The monitoring of patients and other inhabitants of the safe zone is integral during floods. As a rule, one person can hardly observe the whole room where more than 50 people are. Therefore, a leader has to ask nurses or doctors who are not with their patients to make regular observations. The room can be divided into special zones, and each nurse should take responsibility for her/his own zone and people. It is required to check the number of people regularly.
Nurses can provide their patients with some topics for communication or even games not to make them think that something bad or dangerous is happening. No TV or radio is allowed for patients at the time of a disaster so that psychologically difficult patients stay unaware of the situation around them.
Teams of nurses, physicians, and volunteers have to understand that it is not enough to work hard, but it is necessary to promote compassion and safety. Team-based leadership is the solution for many unpredictable events and disasters. Human behaviors may vary, and a leader should be sure that there is a group of people who can control the situation. The application of a team-based approach is a complex task. The improvement of internal and external communication flows is required (Yusoff et al., 2017). Calm discussions have to be organized not to attract much attention in the room. Mutual accountability is another important aspect of team-based leadership.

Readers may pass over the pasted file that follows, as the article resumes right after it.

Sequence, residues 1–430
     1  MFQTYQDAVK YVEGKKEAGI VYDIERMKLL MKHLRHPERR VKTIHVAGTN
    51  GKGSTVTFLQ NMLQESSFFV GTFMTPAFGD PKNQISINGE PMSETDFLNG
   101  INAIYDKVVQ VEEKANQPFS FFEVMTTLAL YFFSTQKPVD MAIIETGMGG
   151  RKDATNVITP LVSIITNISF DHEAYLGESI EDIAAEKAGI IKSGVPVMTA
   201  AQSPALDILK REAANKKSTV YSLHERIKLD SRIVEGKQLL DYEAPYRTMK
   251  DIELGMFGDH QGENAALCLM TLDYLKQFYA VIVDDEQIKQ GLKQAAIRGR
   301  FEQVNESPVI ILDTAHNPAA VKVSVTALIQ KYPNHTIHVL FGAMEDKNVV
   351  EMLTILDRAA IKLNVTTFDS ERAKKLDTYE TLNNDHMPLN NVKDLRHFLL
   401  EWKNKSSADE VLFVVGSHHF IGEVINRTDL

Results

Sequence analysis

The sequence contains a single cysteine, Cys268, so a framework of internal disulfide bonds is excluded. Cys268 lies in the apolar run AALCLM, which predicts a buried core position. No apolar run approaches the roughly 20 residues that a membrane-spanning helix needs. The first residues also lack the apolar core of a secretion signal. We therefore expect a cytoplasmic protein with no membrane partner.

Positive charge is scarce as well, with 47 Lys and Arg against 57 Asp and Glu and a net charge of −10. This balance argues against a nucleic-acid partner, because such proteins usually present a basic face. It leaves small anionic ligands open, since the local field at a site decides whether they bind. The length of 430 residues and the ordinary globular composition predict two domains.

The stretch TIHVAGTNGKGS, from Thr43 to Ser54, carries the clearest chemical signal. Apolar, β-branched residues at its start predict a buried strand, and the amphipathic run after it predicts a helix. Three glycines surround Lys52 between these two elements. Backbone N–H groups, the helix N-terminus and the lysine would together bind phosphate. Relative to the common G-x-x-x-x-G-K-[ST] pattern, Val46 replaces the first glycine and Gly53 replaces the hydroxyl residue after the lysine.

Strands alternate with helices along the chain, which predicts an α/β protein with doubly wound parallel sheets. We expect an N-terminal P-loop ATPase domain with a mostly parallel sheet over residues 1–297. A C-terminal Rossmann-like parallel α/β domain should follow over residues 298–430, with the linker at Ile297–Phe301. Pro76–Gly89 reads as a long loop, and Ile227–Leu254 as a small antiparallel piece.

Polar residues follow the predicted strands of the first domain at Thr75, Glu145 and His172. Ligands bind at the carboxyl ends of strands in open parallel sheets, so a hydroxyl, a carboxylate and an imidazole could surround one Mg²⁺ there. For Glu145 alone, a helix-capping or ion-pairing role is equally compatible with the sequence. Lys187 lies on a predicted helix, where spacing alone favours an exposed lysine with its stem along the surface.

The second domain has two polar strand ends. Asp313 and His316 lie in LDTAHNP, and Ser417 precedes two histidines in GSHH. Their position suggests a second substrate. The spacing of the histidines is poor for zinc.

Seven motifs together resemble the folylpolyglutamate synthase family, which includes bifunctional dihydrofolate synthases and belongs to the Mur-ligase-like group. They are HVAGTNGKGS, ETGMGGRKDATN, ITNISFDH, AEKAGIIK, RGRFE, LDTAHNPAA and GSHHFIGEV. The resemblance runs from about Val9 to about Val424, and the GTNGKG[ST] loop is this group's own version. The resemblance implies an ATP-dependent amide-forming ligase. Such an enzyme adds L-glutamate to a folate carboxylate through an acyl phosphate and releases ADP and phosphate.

Current leaders and their assistants should discuss recent changes, patients’ conditions, and other things that may influence staying in the safe zone. Finally, leaders need to know that their actions and words should be similar for all patients and the staff. It is not always easy to achieve fast assimilation, but a leader can use motivation and inspiration to promote an understanding and support each team member.
In general, human actions and decisions during floods or other natural disasters remain unpredictable. Some people are ready to pull themselves together and achieve the required positive results and control. Some groups of people are in need of a strong leader. Ethical decision-making and team-based leadership are integral to modern hospitals. It is not easy to take responsibility for a number of people and make sure that each decision is ethically correct. Therefore, team-based leadership is a solution that can save many lives and survive floods in hospitals.
Tekin, E., Bayramoglu, A., Uzkeser, M., & Cakir, Z. (2017). Evacuation of hospitals during disaster, establishment of a field hospital, and communication. The Eurasian Journal of Medicine, 49(2), 137-141. Web.
Yusoff, N. A., Shafii, H., & Omar, R. (2017). The impact of floods in hospital and mitigation measures: A literature review. Web.